Arrive Alive!

Foresight or “Farsight?”

Tragedy strikes once every ten minutes on American highways. Five motorists die each hour amid twisted steel and shattered glass. Automobile accidents snuff out more than 800 lives every week and approximately 42,000 annually.

“Dry statistics,” you say?

Perhaps. But that doesn’t keep the odds from stacking up against you. Listen! The present accident rate marks 85 percent of all Americans for vehicle injury or death.

So statistics can’t be dismissed lightly after all. Driving is grim business these days. Maybe you arrive—maybe you don’t.

Maybe you meet friends at your journey’s end—maybe you meet God! Foresighted travelers practice safety. Farsighted travelers prepare also for eternity.

“It is appointed unto men once to die, but after this the judgment” (Hebrews 9:27).

Keys to Life

You have the keys in hand? Fine. Here’s hoping you’ll drive by the rules of the road. You have too much to lose by . . .

. . . charging when the sign says yield.

. . . ignoring the speed limit.

. . . playing American roulette—passing on a hill or curve.

. . . reading slow where the sign says stop.

The slogan says, “The life you save may be your own.” But may isn’t a guarantee. Human error also rides behind the wheel.

Safety experts estimate, “A motorist averages at least one mistake every two miles he drives.”

Suppose the highway throws you a curve—and you miss. What about that meeting with God? You hold the key to the crucial question.

“Whosoever believeth in him should not perish, but have eternal life” (John 3:15). The life you save can be your own.”

Maps or Instinct?

Do you use maps—untangling mazes of red lines to find your way? Or have you upgraded to tracking your course on a GPS?

Or do you prefer following a hunch—playing it by ear? Relying on your instinct for general directions?

If so, you know the hard facts about getting lost driving miles in the wrong direction. Arriving—at the wrong place.

Following a hunch ends in squandered time and lost opportunities. Seasoned travelers follow reliable directions to assure arrival. The “hunch system” is too risky for destinations that matter. You agree?

You may be following a highway map to a vacation spot. You may be driving toward your final destination—the end of life. Are you following life’s only reliable map, God’s Word? Or are you “hunching” your way into eternity?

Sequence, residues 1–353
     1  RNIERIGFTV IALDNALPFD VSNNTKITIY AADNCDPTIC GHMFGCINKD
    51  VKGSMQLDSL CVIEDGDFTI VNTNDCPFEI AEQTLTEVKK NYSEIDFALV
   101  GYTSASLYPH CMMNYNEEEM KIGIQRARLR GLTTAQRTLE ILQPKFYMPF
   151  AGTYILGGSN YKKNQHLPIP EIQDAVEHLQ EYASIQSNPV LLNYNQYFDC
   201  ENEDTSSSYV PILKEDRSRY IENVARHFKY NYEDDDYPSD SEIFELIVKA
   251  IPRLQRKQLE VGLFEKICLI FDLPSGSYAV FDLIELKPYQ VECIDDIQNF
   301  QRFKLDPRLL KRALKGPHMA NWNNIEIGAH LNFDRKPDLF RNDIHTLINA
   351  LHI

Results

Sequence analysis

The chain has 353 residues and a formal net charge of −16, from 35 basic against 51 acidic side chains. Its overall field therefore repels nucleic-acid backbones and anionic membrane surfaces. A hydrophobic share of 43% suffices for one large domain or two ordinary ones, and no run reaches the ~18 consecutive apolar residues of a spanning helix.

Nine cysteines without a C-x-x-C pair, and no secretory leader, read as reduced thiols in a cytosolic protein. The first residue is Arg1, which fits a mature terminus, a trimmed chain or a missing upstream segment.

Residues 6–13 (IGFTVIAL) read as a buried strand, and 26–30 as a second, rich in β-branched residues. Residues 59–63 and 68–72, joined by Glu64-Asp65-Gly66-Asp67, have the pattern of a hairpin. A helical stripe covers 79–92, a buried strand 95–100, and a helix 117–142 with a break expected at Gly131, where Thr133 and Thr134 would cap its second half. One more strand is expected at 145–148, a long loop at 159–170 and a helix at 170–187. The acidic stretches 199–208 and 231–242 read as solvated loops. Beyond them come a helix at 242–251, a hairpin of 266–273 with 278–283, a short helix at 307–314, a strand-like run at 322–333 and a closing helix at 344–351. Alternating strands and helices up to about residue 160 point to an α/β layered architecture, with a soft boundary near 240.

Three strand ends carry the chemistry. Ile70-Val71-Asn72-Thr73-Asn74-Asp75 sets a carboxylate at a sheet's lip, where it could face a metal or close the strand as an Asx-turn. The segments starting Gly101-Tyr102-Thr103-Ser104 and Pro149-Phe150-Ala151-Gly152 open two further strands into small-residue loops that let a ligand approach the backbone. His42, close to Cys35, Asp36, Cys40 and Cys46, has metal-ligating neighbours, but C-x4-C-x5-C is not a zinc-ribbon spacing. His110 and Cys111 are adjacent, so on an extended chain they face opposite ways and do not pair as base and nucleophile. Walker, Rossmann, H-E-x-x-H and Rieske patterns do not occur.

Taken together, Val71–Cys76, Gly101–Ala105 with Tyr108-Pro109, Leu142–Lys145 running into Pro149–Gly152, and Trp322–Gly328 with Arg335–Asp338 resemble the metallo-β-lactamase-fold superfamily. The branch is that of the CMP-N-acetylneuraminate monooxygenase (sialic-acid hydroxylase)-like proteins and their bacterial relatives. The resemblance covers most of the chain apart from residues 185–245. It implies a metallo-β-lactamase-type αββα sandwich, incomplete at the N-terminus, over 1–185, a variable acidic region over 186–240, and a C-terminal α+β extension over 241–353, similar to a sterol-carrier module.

“There is a way that seemeth right unto a man, but the end thereof are the ways of death” (Proverbs 16:25).

Which Road?—Your Choice

The United States highway system boasts 3,951,000 miles of roads. Some are crooked and narrow, strung between rural villages. Others, huge interstate systems, span the country.

Dirt or paved, toll or free, gravel byway or superhighway—each leads to places not reached by others. Is your destination a major city? If so, the road ending at the village dump is a poor choice. To arrive— choose the right road.

Life’s destination, too, depends upon the road you choose.

“Wide is the gate, and broad is the way, that leadeth to destruction, and many there be which go in thereat.”

“Strait is the gate, and narrow is the way, which leadeth unto life, and few there be that find it” (Matthew 7:13, 14).

Jesus said, “I am the way, the truth, and the life: no man cometh unto the Father, but by me” (John 14:6). Choose this WAY. Arrive ALIVE!

The Way to Life

Get Off—The broad way of sin.

“All we like sheep have gone astray; we have turned every one to his own way” (Isaiah 53:6).

Turn Around—Change directions.

“Repent therefore, and be converted, that your sins may be blotted out” (Acts 3:19).

Get On—The way to life—confess your faith in Christ.

“If thou shalt confess with thy mouth the Lord Jesus, and shalt believe in thine heart that God hath raised him from the dead, thou shalt be saved” (Romans 10:9).

Don’t Detour—Stay on the high road to Heaven.

“Blessed are they that do his commandments, that they may have right to the tree of life, and may enter in through the gates into the city” (Revelation 22:14).

Christian Light Publications, Harrisonburg, VA 22802 Phone (540) 434-0768.